The Ten Most Shocking Miami Food Stories in 2014
A tribute to Louis Salgar.
Courtesy of Nicole Salgar
Miami is a city that has its fair share of crime, political hijinks, and sordid behavior. After all, it is a big city.
But, generally, the restaurant world's biggest scandals involve a fight between chefs or possibly a waiter scamming tips.
This year, the Miami food scene saw a lot of action -- from sex scandals to bitter lawsuits, to tragic deaths. Thankfully, there were some high points to the year, including the announcement of a giant mega-restaurant and one chef's great adventures.
Read on to find out the ten most shocking news stories that rocked the Miami food scene in 2014.
Courtesy Melissa Clark
10. New York Times Columnist Melissa Clark Impersonator Writes for Miami Food Blog
Imitation may be the sincerest form of flattery, but impersonation will only get the New York Times' legal counsel to seek you out. According to Miami Food Review's Sergio Calzado, a woman purporting to be cookbook author and New York Times' columnist Melissa Clark offered to write a few posts for the blog on family-friendly South Florida restaurants. The problem? That writer actually wasn't Clark. Calzado removed the post in question promptly and has sent Clark any leads he has in trying to figure out the imposter.
For her part, Clark told Miami New Times in an email that she never heard of Calzado or his website, saying, "It's all completely out of the blue." She added, "This is scary,"
Courtesy Nobu Hospitality
9. World's Largest Nobu to Open in Miami Beach
Miami Beach will join the list of jet-set cities like Las Vegas and Riyadh when Nobu Hotel at Eden Roc Miami Beach opens in 2015. The hotel-within-a-hotel will be the second in the United States under the Nobu Hospitality flag, with the Nobu Hotel at Caesars Palace in Vegas opening in February 2013. In addition to features like a separate entrance and in-room tea service, the property will also boast the world's largest Nobu Restaurant & Bar Lounge. Hopefully that means that we'll never have to wait long for a table.
Screenshot from YouTube
8. Young Chef Antaun Teasley Killed at Mansion
Antaun Teasley, dubbed "Young Chef" for his young spirit and enthusiasm for life and cooking, had a bright future ahead of him. The Pennsylvania Culinary School graduate worked at some of the best restaurants in the United States before starting his own consulting firm that would land him lucrative culinary gigs cooking for some of the most prominent names in music and sports like Timbaland, Kenyon Martin, and Miami Heat guard Norris Cole. Young Chef also spent countless hours giving back to the Miami community, including hosting an annual Thanksgiving lunch at Camillus House.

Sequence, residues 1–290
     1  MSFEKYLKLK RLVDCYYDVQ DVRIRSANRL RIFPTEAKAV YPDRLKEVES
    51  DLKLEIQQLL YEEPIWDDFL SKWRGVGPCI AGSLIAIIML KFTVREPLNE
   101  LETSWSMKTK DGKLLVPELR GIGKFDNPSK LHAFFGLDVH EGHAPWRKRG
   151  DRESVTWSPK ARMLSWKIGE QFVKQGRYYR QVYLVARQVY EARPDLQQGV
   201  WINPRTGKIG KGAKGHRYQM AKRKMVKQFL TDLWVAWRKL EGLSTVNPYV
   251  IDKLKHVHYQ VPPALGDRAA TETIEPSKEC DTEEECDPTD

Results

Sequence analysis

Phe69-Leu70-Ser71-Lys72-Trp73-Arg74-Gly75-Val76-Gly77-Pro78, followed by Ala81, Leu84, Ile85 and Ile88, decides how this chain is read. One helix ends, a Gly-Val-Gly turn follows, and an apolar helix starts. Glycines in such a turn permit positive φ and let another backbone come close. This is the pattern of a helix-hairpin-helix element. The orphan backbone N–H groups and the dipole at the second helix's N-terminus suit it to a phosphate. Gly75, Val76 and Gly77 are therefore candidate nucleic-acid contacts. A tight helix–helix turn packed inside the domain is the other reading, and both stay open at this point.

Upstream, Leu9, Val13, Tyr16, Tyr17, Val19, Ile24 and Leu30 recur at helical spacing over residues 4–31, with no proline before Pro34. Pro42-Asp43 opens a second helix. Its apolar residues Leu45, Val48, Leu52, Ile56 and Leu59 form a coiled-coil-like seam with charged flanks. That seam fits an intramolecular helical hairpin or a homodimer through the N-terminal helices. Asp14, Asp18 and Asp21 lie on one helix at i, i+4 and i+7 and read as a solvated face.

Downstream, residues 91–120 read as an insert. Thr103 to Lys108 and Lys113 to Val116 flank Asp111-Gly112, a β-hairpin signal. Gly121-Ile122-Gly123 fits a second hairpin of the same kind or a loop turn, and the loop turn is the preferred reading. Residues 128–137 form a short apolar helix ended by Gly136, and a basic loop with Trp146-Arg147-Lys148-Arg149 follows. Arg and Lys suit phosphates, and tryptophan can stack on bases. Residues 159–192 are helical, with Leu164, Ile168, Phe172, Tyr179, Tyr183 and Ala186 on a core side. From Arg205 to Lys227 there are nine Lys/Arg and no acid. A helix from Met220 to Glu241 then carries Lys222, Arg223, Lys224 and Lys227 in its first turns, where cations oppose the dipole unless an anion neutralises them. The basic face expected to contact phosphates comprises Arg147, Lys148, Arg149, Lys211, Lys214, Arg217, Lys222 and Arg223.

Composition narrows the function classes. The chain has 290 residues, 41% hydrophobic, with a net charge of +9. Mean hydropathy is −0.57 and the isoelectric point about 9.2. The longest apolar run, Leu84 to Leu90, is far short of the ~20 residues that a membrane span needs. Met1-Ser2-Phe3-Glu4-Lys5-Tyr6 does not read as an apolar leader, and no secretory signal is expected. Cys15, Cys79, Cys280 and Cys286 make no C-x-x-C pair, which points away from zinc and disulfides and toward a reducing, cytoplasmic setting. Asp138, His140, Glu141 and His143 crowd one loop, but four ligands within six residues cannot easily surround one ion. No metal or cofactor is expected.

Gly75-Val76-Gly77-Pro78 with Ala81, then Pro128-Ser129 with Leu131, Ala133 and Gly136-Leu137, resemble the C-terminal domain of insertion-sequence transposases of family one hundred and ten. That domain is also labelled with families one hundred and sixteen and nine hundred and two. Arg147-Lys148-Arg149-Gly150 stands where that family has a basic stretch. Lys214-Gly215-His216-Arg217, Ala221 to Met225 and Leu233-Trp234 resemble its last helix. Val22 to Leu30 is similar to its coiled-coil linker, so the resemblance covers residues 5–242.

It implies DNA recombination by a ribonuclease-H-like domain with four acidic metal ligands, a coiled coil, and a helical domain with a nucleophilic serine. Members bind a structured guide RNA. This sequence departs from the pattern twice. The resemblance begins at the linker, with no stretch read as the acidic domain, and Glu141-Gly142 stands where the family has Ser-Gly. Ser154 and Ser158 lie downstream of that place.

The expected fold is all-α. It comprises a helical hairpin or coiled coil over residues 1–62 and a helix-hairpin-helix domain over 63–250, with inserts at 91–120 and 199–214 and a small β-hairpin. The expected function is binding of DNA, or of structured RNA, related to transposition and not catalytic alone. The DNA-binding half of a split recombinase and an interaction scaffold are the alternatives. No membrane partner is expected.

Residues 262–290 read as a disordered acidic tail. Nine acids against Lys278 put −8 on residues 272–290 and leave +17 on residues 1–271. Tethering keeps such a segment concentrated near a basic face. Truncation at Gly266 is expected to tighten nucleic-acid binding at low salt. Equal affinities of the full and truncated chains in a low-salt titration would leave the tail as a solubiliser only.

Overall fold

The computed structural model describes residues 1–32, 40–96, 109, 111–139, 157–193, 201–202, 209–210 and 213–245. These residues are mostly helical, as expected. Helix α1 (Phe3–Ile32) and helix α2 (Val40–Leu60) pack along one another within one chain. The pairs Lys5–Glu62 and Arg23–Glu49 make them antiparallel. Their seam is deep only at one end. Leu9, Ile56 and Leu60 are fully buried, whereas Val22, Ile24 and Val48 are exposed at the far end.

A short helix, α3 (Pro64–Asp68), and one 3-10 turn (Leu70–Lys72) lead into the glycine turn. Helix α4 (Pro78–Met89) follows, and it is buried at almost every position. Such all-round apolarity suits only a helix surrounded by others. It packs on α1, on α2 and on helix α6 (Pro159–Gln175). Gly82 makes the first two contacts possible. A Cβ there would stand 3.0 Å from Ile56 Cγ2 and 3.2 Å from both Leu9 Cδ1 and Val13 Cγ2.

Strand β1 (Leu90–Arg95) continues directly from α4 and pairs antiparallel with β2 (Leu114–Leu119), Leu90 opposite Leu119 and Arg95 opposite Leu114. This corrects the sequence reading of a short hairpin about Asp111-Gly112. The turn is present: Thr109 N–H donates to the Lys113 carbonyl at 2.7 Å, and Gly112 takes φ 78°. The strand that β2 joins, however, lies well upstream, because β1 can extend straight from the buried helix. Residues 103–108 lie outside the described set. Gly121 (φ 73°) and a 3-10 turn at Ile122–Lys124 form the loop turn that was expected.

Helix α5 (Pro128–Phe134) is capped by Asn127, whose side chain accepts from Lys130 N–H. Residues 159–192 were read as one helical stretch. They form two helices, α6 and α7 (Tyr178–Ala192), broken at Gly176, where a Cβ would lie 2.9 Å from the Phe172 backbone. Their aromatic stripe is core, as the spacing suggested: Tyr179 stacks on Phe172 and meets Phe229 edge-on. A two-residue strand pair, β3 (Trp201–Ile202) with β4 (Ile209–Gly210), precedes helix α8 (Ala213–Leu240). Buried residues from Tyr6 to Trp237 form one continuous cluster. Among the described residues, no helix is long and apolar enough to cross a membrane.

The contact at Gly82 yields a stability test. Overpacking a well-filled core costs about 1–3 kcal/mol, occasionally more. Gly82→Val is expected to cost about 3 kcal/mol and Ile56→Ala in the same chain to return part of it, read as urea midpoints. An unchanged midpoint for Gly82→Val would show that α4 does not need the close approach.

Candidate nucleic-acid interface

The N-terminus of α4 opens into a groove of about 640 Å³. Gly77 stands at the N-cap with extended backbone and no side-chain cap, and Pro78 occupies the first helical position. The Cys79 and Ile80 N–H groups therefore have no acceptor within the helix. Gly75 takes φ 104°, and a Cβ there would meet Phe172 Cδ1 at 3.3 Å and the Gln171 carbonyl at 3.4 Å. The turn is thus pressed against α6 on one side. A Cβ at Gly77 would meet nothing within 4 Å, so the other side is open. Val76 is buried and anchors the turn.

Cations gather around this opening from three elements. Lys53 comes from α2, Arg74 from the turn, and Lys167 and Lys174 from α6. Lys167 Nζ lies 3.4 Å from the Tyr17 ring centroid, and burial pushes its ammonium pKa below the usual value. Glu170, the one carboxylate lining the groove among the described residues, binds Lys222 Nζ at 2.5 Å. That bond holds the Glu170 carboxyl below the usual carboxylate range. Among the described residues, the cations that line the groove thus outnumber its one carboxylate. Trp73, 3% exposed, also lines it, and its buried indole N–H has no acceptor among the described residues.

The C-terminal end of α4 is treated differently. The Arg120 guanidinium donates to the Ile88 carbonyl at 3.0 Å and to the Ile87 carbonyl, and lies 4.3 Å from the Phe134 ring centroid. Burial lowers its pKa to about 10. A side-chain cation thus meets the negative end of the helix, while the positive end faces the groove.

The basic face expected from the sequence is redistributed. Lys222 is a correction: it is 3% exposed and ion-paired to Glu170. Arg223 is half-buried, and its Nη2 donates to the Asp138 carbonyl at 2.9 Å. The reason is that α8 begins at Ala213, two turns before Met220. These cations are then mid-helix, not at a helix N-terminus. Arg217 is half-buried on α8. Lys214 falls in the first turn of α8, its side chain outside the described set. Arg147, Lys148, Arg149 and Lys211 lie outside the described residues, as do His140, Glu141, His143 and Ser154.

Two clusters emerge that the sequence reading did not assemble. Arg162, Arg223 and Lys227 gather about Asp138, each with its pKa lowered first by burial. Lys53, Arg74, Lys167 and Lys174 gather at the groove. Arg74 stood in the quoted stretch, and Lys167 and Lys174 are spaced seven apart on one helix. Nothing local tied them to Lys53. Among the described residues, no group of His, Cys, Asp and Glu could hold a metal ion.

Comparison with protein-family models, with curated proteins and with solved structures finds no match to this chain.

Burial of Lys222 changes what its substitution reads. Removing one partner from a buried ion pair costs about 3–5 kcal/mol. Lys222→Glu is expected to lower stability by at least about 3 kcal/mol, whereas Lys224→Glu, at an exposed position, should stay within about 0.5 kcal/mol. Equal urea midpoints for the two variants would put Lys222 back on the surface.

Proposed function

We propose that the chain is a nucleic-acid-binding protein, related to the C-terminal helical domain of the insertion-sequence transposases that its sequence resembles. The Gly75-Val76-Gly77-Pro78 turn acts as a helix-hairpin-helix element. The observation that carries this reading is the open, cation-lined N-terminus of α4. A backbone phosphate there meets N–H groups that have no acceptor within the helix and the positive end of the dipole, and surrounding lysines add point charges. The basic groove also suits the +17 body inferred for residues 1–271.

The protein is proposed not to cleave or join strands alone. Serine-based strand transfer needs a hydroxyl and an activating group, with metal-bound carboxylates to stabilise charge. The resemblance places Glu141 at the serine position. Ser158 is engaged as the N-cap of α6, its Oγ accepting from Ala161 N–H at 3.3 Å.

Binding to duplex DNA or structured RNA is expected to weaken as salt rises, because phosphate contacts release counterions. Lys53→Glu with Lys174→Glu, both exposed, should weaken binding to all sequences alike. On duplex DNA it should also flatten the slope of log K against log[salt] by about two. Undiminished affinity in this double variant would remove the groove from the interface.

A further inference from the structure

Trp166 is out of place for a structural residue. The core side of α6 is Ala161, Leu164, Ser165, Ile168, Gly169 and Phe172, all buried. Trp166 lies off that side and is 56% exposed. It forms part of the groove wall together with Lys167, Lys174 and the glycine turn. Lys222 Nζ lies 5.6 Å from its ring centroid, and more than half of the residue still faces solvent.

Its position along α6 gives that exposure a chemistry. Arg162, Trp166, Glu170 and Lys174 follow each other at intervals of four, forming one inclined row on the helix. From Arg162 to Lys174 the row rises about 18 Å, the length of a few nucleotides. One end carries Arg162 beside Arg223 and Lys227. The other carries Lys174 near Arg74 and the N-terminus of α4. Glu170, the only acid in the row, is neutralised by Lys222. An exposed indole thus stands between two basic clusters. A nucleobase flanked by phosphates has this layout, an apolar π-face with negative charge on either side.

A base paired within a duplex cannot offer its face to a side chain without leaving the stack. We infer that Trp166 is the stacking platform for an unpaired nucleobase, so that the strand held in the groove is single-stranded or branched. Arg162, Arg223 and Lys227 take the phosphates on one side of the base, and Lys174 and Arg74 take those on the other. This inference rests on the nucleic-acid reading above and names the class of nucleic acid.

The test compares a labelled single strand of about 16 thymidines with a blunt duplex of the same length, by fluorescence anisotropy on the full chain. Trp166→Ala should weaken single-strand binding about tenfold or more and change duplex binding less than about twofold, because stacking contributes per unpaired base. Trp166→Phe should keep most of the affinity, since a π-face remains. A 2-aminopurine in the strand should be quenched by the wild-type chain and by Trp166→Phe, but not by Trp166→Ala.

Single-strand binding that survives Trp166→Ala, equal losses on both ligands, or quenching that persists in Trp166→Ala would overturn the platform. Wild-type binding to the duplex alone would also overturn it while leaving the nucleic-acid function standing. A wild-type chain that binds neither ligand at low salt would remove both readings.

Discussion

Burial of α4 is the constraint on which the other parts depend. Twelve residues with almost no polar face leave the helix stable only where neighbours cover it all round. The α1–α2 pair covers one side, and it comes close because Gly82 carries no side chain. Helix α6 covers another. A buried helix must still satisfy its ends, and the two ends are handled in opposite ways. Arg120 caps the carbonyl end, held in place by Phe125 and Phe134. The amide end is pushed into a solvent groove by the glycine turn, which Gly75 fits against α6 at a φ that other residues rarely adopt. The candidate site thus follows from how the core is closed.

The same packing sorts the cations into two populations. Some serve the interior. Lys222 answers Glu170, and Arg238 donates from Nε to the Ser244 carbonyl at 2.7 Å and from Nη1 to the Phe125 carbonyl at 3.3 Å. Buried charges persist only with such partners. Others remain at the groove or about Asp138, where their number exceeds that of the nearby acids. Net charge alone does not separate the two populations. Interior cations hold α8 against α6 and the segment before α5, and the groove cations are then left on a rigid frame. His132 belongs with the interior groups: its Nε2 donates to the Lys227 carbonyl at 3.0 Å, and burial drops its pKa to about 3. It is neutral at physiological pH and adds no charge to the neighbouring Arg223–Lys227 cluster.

Then, in June, an evening out at South Beach nightclub Mansion turned deadly for the promising chef. According to Miami Beach Police Department Sgt. Bobby Hernandez, "a fight broke out in the VIP section and when the dust settled we found the victim with a gunshot wound to the upper chest."
That victim was chef Teasley, who was rushed to Ryder Trauma Center. Efforts to save him were futile and he died a few hours earlier. According to the Miami Herald, Teasley's twin brother, Antwan Teasley, filed a wrongful-death lawsuit against Mansion that states it, "boasts an 'extensive history' of violent crime and questioning how a weapon could have gotten into the popular South Beach dance club."
7. Wine Educator Barry Alberts Killed in Car Accident
For decades, Barry Alberts was an integral part of the Miami food and beverage scene. As owner of consulting and event company, Berries to Wine Inc., Alberts was the host of the longest-running wine tasting series in Miami and curated pairings for some of South Florida's best restaurants. Alberts was returning home from an event around 11 p.m. on April 4 when his car crashed into a barrier wall not far from his Coconut Grove home. No other cars were involved, but Alberts was killed.
Word spread on Alberts' Facebook page of his passing, with thousands of people posting pictures and remembrances, noting not only special times, but special wines they had shared with the affable wine educator.